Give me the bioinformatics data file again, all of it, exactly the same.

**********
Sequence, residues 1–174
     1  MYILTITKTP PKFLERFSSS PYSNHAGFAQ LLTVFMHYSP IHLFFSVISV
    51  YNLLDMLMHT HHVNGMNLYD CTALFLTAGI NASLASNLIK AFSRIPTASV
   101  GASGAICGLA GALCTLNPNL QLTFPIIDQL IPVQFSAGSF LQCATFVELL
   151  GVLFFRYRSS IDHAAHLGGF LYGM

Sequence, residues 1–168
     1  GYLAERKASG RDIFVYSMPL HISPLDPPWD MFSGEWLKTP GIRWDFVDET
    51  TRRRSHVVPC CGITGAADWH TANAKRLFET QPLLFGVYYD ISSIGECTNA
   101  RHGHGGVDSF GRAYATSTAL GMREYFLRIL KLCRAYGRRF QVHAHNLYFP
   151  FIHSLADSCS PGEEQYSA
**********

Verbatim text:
Sequence, residues 1–174
     1  MYILTITKTP PKFLERFSSS PYSNHAGFAQ LLTVFMHYSP IHLFFSVISV
    51  YNLLDMLMHT HHVNGMNLYD CTALFLTAGI NASLASNLIK AFSRIPTASV
   101  GASGAICGLA GALCTLNPNL QLTFPIIDQL IPVQFSAGSF LQCATFVELL
   151  GVLFFRYRSS IDHAAHLGGF LYGM

Sequence, residues 1–168
     1  GYLAERKASG RDIFVYSMPL HISPLDPPWD MFSGEWLKTP GIRWDFVDET
    51  TRRRSHVVPC CGITGAADWH TANAKRLFET QPLLFGVYYD ISSIGECTNA
   101  RHGHGGVDSF GRAYATSTAL GMREYFLRIL KLCRAYGRRF QVHAHNLYFP
   151  FIHSLADSCS PGEEQYSA